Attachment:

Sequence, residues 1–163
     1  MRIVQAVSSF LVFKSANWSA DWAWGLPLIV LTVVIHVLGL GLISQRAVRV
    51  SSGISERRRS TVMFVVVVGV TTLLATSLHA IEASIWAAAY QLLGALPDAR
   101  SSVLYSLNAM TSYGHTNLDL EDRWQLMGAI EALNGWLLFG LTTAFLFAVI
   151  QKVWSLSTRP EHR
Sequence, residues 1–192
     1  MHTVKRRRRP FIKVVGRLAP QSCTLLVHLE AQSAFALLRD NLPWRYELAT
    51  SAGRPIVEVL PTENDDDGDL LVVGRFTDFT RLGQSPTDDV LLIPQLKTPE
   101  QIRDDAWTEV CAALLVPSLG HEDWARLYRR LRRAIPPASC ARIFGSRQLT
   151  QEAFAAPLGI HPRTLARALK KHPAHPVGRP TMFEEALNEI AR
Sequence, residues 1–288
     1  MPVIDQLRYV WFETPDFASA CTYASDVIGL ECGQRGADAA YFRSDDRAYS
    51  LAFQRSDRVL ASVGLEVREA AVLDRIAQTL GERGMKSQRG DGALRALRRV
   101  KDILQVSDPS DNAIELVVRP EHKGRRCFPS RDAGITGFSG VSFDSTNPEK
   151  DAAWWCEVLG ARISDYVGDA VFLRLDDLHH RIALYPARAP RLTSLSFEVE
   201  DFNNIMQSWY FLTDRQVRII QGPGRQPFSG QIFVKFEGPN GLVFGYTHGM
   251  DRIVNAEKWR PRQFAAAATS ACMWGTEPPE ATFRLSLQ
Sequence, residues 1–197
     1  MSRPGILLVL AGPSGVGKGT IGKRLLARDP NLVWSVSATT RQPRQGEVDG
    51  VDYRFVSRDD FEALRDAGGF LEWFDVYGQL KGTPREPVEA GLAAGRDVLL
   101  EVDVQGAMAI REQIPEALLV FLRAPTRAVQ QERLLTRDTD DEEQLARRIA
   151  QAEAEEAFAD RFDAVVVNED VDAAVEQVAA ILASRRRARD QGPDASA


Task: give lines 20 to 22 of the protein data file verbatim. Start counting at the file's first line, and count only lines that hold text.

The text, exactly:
    51  VDYRFVSRDD FEALRDAGGF LEWFDVYGQL KGTPREPVEA GLAAGRDVLL
   101  EVDVQGAMAI REQIPEALLV FLRAPTRAVQ QERLLTRDTD DEEQLARRIA
   151  QAEAEEAFAD RFDAVVVNED VDAAVEQVAA ILASRRRARD QGPDASA